Clinton’s Generosity Costs State Agency Pair of Patrol Boats


Among the goodwill gifts that President Clinton offered last week on his tour to Africa were a pair of 65-foot U.S. Navy patrol boats--worth about $1 million each--that he promised to the government of Ghana.

The problem is, the two boats were already declared surplus and offered to California last month. Within a few weeks, they were supposed to be patrolling the coast, helping state Fish and Game Department officers nab poachers, polluters and occasionally drug smugglers.

Now it appears they’ll be used to search for refugees and terrorists along the coast of Africa.

“We did have every good-faith intention to transfer those boats to California,” said Tara Jennings-May, spokeswoman for the Defense Department agency that handles surplus military equipment. “But before we could do that, a national priority came up that took precedence.”


Military officials blamed the situation on a paperwork mix-up--and Gov. Pete Wilson’s office has turned it into a political challenge.

California was given legal title to the vessels March 9 under a federal program that helps state law enforcement agencies get surplus military equipment. State Fish and Game officials were to pick up the boats at the San Diego naval base.

If they had shown up last week, they probably could have taken the boats without fuss, said David R. Shaw, the state’s liaison for surplus military equipment. But “possession is nine-tenths of the law,” he said.

Somewhere in the nation’s vast bureaucracy, military officials said, the transfer of title to California was apparently lost. In the meantime, Clinton’s advance team matched the boats with a package of surplus military equipment the president planned to give Ghana.


“The Ghanese are among the African states that are a priority for trying to improve their coastal defense,” said P.J. Crowley, spokesman for the National Security Council, which coordinated the Africa tour that Clinton began with his visit to Ghana last week. “They will use these boats to patrol for smuggling, refugee flows and that kind of thing,” he said.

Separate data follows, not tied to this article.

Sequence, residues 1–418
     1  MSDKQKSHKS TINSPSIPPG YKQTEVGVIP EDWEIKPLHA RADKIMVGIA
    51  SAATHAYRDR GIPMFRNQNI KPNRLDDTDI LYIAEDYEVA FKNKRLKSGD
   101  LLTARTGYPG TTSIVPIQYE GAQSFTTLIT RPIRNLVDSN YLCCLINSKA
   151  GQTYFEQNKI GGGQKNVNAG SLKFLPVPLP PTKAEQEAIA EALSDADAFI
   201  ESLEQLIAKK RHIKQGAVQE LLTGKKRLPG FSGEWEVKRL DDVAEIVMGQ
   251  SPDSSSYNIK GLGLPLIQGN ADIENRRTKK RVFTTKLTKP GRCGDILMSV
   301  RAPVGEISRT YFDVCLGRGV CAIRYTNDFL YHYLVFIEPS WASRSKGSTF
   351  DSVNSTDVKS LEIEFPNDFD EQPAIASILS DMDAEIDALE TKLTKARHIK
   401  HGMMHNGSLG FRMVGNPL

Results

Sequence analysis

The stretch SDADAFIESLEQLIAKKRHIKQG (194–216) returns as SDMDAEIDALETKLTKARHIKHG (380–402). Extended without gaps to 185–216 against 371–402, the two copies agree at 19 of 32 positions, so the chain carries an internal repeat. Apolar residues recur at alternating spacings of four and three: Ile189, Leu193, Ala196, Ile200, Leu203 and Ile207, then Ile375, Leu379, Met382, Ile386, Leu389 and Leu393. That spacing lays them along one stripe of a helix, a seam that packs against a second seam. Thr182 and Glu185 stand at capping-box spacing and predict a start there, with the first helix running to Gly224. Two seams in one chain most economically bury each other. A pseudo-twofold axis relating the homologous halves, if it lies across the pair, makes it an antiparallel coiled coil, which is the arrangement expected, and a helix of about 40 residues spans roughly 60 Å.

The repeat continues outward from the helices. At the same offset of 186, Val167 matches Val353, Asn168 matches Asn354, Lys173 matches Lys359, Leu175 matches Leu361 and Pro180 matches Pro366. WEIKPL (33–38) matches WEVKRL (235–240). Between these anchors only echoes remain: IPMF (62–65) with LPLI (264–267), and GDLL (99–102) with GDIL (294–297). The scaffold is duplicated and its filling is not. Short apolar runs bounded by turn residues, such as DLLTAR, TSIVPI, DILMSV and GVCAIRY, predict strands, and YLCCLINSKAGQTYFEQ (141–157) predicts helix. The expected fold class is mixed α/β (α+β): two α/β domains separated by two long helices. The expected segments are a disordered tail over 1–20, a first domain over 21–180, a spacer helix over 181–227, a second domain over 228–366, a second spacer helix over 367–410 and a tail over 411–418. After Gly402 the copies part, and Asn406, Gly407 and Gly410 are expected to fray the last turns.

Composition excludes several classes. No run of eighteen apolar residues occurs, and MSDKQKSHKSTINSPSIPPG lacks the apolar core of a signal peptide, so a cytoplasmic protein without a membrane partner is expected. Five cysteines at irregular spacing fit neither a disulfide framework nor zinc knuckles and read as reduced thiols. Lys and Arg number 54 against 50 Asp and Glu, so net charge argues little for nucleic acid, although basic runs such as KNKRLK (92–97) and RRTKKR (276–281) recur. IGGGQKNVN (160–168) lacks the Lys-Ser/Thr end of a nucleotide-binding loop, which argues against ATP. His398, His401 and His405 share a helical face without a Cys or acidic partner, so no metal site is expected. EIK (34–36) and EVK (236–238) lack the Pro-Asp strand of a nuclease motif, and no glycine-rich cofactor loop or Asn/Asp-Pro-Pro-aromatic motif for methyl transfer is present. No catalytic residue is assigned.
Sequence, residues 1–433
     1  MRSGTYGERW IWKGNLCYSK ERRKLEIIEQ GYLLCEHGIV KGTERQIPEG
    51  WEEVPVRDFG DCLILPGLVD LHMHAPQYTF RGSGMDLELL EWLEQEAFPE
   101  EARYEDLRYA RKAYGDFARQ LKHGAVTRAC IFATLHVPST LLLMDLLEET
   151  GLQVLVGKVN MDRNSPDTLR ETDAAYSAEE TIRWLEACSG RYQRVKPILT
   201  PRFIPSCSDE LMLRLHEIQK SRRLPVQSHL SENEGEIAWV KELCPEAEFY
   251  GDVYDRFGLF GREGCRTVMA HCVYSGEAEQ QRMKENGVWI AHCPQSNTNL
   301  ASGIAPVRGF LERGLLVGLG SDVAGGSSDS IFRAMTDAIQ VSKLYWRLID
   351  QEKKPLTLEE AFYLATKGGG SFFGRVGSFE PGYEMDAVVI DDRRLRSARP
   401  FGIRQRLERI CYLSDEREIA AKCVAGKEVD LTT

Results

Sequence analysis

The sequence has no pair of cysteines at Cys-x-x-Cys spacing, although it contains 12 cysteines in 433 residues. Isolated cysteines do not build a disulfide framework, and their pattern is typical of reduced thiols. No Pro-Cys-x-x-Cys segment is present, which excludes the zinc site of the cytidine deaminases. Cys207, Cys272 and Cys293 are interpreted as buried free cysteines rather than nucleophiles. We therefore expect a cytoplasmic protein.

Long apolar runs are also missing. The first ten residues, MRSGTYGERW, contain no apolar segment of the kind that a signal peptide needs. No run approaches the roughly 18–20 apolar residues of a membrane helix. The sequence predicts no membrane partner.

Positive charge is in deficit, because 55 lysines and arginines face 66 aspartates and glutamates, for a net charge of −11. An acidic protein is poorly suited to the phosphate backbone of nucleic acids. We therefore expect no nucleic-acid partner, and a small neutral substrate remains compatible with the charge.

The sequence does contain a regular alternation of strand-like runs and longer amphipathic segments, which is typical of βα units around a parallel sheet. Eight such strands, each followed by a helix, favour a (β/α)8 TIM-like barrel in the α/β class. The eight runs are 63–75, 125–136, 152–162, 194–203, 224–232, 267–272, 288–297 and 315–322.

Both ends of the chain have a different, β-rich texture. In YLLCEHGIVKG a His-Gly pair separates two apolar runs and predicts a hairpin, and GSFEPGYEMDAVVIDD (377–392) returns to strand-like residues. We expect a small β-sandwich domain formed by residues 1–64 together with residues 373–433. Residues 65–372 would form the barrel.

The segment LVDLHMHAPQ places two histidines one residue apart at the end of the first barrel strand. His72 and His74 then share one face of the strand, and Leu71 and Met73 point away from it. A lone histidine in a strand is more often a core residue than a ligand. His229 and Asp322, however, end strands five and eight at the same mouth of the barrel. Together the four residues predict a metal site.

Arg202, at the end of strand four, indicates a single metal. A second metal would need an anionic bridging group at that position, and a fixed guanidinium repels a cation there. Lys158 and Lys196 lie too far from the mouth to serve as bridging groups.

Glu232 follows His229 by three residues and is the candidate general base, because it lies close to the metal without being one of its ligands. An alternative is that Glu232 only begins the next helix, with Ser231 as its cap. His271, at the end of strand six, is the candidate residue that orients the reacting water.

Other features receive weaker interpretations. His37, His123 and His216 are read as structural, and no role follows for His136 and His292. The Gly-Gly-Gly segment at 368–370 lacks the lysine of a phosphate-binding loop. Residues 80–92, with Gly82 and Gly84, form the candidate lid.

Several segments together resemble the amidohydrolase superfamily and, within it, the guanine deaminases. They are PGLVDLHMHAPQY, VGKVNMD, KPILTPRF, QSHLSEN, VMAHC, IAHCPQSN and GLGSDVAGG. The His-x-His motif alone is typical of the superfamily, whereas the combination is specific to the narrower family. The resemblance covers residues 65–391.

Crowley said federal law makes military surplus such as the patrol boats available to both U.S. states and foreign allies. When two claims are made on the same equipment, Crowley said the state need is secondary.

Aides to Wilson said they hope to get replacement boats. But they also charged that the president was being insensitive to California.

“It’s ‘President Pander,’ ” Sean Walsh, Wilson’s spokesman, said of Clinton. “He promises something . . . then he goes over to Africa and needs goodies to give and says, ‘Sorry, California.’ We get the short end of the stick.”

White House spokesman Barry Toiv responded that it is “laughable” to think that Clinton does not take care of California. “Somebody must be running for something,” he said.

“It’s unfortunate that this clerical error was made,” Toiv added. “We certainly hope that the state will be able to obtain the boats that it needs.”

California has already been a major beneficiary of the federal surplus program, which began in 1991. Last year, more than $36 million worth of such equipment went to law enforcement agencies in the state.

The Los Angeles Police Department got hundreds of the Army’s M-16 assault rifles. The Kern County Sheriff’s Department got two helicopters and an armored personnel carrier in November.


The state Fish and Game Department had hoped the two new vessels would replace a pair of older boats it scrapped in 1996. Right now, there are seven boats patrolling 1,100 miles of California coastline. Officials said they need at least nine.

Most of the existing boats are smaller than the Navy vessels and unable to operate in bad weather or in the recovery of heavy equipment such as fishing nets or traps.